The ship locks on the massive Three Gorges Dam went through their first trial runs Monday to great fanfare, for the project touted as the world's biggest hyrdoelectric project.
Vice Premier Zeng Peiyan attended the nationally-televised ceremony, which saw boats above the dam descend the giant
five-tiered ship lock and ships below ascend into the newly filled resevoir above.
The locks on the dam, which began storing water in its 435-kilometer (260-mile) resevoir on June 1, are also being promoted as the world's largest.
The locks can lift ships from 62 meters (204 feet) above sea level at the base of the dam to 135 meters in the resevoir in about two and a half hours. When the dam is fully completed in 2009, the water level in the resevoir will reach 175 meters.
The ship locks can accomodate boats as large as 3,000 tonnes, which will now be able to ply the Yangtze river from the dam at Yichang city through the scenic Three Gorges up to Chongqing municipality some 660 kilometers (396 miles) away.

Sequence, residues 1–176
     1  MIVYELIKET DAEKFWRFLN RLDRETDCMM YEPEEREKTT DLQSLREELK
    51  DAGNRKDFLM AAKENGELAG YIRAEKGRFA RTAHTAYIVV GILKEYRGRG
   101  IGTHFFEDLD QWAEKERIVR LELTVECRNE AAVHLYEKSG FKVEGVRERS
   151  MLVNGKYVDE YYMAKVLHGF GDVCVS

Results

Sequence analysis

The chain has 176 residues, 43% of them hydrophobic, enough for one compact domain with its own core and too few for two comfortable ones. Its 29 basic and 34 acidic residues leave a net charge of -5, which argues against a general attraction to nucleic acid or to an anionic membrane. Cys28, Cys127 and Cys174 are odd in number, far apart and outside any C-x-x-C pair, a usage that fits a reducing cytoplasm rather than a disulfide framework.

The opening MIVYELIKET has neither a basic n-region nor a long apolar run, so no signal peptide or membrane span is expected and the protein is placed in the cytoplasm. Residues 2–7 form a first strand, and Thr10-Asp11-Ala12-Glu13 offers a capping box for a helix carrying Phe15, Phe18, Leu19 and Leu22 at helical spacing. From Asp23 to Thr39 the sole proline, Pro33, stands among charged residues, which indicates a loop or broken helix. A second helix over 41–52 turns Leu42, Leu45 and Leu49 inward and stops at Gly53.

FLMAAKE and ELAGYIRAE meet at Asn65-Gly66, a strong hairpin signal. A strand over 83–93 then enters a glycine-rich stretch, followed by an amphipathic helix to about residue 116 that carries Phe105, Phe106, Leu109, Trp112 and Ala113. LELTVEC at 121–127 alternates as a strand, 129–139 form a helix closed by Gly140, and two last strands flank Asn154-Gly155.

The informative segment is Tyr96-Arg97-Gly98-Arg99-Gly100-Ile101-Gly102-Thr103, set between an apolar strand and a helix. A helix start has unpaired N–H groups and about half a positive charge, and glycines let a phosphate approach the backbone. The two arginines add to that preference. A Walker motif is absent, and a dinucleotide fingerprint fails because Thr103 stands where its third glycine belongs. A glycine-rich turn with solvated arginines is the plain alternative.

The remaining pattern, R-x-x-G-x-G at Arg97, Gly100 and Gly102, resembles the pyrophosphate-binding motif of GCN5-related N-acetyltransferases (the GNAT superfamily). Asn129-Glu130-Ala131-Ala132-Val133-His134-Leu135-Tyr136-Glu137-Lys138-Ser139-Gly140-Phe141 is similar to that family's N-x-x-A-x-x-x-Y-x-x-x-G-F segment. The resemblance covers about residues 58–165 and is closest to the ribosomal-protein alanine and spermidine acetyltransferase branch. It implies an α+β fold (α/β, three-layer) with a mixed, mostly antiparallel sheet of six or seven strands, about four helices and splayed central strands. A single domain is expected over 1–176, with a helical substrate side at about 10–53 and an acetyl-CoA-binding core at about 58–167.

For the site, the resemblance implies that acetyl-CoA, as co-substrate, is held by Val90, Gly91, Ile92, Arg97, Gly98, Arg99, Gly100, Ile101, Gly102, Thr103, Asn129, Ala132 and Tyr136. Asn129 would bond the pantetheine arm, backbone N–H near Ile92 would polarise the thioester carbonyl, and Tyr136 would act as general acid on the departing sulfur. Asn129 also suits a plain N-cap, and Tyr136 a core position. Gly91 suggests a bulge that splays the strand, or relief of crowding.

Traffic along the river has been cut off at the dam for 66 days and is expected to open to regular traffic by June 20, as ships both above and below the dam line up to pass through the locks, Xinhua news agency said.
Construction on the controversial 25 billion-dollar dam began in 1993 despite loud protests at its huge expense, its possible environmental damages and the need to relocate some 1.2 million farmers to make way for the huge reservoir.
Expected to generate some 85 million kilowatt hours per year when its 26 power generators go online in 2009, the dam has also been touted as able to control flooding in the middle and lower reaches of the Yangtze river.